The original games with this art style weren’t meant for modern screens. The consoles are producing the same images now as they did back then, it’s just much clearer. I’m sure when we get to a point where projection or VR games are common, these old “3-D” games will look like trash compared to real 3-D, and it won’t be an accurate representation of the way we played those games.

Right now, the best option to get those nice-looking characters back is to recreate the CRT’s grid over top of the image, which many ROM creators are reluctant to do – many players would rather have a slightly uglier game in high-res than a more attractive game in low-res.

As a result, players are unintentionally led to believe the game really was that ugly. It just wasn’t.

At least the audio still sounds the same!


UI Choices – Don’t Clickshame

Elizabeth Technology December 15, 2021

The phrasing of a ‘no thanks’ in dialogue boxes can be a real turn-off for potential customers.

Website newsletters, coupons, and other assorted pop-up boxes may ask you to sign up – and if you don’t, you click to decline the offer. Is it possible to word it in a way that changes the minds of customers?

I Don’t Want to Subscribe

In some businesses in Japan, employees are expected to gauge the response to an idea they had purely by tone. “Sure!”, “Sure.”, And “Sure… but it will be very hard.” are the only options, and ultimately, they are still all affirmatives – if the other person wanted to step on toes, they would make “sure…” sound like “sure!” and forge ahead, and they would have plausible deniability while doing it. Foreign business associates consulting with Japanese companies were sometimes a blessing because they lacked this context – they’d charge right in with a “no”. This took a lot of social pressure off of the middle managers who knew issues existed, had tried to bring them up before, but went ignored because of social rules stating they must minimize things, or phrase them in a way that isn’t unpleasant.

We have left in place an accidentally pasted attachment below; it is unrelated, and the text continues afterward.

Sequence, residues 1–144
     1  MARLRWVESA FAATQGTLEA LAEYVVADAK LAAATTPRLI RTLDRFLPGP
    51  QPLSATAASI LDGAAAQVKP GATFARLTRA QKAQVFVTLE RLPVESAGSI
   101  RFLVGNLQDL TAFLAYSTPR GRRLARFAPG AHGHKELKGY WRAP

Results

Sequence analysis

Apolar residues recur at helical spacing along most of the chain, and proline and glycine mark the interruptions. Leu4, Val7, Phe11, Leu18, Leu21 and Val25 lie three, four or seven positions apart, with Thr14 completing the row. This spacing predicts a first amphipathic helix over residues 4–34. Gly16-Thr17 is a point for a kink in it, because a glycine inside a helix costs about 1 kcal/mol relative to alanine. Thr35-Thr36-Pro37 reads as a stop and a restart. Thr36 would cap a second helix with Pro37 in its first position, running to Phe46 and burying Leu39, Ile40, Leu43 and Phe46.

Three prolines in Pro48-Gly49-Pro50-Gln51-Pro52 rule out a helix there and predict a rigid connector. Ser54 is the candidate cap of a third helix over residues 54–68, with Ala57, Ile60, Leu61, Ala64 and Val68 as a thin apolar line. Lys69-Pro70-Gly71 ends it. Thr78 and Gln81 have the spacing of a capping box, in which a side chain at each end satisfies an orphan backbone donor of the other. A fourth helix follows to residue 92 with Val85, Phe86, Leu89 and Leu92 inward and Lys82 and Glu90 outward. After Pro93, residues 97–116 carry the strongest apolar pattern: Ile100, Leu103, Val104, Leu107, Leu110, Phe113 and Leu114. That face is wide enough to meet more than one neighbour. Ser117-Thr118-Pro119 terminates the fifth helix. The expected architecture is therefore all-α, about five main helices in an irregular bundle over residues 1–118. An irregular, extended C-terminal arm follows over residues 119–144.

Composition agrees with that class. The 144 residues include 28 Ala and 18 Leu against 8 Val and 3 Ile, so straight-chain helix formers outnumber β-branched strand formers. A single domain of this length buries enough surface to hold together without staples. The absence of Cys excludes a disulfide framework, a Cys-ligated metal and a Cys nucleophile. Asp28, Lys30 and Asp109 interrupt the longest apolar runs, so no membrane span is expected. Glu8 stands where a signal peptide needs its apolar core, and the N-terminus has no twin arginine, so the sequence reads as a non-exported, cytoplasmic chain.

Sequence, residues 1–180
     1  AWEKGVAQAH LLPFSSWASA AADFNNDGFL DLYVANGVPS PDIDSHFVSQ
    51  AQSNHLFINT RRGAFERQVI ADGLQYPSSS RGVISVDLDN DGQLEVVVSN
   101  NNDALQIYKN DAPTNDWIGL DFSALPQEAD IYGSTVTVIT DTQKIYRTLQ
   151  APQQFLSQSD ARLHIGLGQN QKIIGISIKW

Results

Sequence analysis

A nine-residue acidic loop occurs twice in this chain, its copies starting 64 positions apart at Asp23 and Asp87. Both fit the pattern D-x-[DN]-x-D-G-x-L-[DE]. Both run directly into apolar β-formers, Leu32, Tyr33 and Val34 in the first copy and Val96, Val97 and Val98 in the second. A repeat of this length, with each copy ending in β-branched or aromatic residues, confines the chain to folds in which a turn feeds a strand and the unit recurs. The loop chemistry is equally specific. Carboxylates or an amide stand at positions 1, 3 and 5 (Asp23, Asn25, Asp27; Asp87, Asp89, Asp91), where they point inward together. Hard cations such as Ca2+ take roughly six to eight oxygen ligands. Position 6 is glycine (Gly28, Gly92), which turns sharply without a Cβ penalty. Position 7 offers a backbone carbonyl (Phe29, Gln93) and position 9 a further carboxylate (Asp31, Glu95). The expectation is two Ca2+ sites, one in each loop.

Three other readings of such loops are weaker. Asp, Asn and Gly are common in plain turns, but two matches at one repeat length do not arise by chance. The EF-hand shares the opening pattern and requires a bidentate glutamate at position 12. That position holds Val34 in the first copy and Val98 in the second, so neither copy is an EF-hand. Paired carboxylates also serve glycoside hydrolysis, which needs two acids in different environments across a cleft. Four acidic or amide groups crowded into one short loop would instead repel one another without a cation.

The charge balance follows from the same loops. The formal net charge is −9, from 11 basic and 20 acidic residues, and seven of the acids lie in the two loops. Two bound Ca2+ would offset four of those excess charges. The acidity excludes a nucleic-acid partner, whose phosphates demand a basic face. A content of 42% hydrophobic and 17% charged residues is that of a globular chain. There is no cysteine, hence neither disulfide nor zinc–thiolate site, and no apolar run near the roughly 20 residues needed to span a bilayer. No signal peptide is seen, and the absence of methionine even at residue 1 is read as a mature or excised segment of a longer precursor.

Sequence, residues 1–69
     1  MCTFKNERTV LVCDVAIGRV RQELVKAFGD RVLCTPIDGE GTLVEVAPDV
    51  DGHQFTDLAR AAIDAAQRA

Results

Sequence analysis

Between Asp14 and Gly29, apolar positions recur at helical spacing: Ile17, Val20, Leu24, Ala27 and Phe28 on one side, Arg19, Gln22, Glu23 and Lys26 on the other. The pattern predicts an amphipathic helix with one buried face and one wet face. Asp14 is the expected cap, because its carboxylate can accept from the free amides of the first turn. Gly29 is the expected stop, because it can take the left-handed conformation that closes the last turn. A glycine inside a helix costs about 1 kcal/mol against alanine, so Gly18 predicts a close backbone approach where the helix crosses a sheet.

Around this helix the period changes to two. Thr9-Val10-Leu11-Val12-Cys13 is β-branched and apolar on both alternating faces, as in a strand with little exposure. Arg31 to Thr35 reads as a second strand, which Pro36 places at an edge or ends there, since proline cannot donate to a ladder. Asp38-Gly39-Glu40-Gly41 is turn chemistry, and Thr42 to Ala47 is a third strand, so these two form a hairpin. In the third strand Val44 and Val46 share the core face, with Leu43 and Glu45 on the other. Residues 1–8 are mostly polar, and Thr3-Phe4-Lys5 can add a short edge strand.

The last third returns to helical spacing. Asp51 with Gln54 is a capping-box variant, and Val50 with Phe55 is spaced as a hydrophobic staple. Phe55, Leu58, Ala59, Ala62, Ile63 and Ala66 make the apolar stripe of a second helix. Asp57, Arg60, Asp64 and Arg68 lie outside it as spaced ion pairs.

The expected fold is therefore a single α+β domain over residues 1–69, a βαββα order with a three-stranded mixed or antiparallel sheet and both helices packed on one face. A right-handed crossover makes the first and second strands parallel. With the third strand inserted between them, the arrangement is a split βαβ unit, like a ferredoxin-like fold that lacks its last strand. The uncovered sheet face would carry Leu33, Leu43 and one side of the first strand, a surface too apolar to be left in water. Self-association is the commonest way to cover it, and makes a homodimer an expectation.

Being forced to say “I don’t like this” or “I don’t want that” is often uncomfortable, so many cultures have rules for how to say no. While not as extreme as Japan, even people in the U.S. would find it rude to just respond with “no”. This is why websites often say something like “No thanks” instead of just “No” or an X in the first place!

 It’s not rude, but it is short. As web design advanced, more and more websites began including the context; instead of a simple “no thanks”, they’d say “No thanks, I don’t want to sign up”. The decline then sounds human without being overly presumptuous, and it became the new standard.